With the knowledge of the role the SP/NK-1 receptor complex plays in tumour activity, it is possible that this case identifies a witnessed chemotherapeutic benefit from Aprepitant and further opens up the possibility of future research trials to explore this.
There are limitations to this case report. The patient detailed was too unwell to transfer for scan at this point in her ongoing care. Therefore we have relied on the objectivity of the fall in CA153 tumour markers and the subjective observations of experienced medical, nursing and physiotherapy staff providing care. Additionally, the pharmacological dosing here, although appearing inconsistent was a pragmatic response to a previously intractable case of nausea and vomiting. Initially 80 mg was given daily due to the length of time the drug was used for. When nausea returned, 120 mg (ie an induction dose) was given every third day to allow an increase in dose and due to the drug strengths and pack sizes available to the hospice at the time.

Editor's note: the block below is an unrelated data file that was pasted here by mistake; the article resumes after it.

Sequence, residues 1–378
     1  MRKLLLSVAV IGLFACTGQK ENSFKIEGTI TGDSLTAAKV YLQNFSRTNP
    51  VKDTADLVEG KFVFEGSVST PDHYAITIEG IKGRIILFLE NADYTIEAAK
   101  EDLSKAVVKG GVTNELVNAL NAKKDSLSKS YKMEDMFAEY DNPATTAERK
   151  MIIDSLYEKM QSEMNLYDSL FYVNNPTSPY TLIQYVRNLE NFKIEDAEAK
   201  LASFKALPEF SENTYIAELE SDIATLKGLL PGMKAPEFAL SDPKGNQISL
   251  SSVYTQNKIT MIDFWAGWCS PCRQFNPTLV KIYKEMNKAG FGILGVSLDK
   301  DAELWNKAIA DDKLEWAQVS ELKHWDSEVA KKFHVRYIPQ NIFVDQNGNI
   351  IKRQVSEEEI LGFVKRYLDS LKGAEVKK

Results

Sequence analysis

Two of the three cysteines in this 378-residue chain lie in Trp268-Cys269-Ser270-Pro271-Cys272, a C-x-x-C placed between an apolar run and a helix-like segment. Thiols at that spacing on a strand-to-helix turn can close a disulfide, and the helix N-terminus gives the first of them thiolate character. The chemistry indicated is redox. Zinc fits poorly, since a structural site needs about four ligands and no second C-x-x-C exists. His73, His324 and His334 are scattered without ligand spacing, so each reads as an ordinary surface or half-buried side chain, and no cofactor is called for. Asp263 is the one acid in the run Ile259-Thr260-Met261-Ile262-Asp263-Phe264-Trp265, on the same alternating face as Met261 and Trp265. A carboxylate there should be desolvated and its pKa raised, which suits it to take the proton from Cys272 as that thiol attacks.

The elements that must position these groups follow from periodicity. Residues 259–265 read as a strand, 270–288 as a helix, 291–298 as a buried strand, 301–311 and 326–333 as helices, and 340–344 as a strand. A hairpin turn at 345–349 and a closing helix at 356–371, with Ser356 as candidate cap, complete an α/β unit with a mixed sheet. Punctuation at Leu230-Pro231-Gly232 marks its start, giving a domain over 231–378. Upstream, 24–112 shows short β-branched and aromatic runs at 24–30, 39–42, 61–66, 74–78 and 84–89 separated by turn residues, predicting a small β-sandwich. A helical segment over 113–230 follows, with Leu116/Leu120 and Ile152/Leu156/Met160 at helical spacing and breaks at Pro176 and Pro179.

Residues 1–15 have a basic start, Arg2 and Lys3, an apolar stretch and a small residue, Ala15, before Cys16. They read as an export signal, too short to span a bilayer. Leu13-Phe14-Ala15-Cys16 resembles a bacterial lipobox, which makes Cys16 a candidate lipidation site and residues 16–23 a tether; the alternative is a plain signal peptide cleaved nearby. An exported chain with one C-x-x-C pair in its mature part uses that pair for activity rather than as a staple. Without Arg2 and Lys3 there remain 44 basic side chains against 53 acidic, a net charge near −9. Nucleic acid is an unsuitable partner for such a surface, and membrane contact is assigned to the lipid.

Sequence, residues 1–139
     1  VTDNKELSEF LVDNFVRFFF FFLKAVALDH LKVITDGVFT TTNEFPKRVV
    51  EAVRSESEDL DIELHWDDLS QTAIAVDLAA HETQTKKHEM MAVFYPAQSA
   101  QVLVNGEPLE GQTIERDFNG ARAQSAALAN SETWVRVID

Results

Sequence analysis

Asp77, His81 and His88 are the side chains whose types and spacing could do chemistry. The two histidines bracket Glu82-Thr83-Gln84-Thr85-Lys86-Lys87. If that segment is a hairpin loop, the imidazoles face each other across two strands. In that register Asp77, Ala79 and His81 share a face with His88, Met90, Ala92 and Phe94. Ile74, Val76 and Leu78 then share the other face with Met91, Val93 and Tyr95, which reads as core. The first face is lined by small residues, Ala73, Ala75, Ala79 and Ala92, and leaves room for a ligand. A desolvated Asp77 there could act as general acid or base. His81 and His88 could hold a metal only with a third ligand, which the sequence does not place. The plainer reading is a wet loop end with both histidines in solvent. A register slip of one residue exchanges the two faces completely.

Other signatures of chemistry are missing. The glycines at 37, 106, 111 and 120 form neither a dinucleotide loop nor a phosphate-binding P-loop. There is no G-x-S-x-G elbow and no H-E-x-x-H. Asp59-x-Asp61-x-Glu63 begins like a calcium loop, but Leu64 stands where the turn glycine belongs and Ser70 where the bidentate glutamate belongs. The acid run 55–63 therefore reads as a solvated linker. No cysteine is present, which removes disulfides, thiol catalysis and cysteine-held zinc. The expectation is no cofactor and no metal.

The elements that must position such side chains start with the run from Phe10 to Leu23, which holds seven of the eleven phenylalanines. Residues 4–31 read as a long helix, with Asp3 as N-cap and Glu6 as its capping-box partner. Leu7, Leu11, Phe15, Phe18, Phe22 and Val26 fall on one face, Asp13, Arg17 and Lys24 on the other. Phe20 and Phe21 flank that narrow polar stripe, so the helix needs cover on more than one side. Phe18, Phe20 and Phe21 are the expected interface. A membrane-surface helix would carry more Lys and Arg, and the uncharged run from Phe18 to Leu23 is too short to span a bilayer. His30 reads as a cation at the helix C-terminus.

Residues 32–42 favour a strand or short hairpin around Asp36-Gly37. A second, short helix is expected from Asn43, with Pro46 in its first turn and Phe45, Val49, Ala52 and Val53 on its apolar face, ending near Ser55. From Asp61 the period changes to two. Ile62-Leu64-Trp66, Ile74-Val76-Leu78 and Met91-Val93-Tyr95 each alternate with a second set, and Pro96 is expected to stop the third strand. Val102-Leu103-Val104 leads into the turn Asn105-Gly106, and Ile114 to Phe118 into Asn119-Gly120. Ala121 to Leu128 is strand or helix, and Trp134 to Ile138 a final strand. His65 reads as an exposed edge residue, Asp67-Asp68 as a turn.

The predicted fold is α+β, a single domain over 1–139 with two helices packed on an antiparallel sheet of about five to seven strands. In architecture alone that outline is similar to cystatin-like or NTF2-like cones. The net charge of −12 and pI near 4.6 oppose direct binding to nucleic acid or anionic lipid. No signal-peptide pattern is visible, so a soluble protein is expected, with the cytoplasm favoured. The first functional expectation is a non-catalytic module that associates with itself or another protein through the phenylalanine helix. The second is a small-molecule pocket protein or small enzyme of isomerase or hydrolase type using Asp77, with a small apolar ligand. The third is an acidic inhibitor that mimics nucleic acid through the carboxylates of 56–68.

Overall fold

We believe that Aprepitant may not only have a role as an antiemetic in palliative care but also has the possibility of being a novel broad spectrum chemotherapeutic agent.
The patient gave permission for this report to be published.
Declaration of Conflicting Interests
The authors declare that there is no conflict of interest.
This research received no specific grant from any funding agencyin the public, commercial or not-for-profit sectors.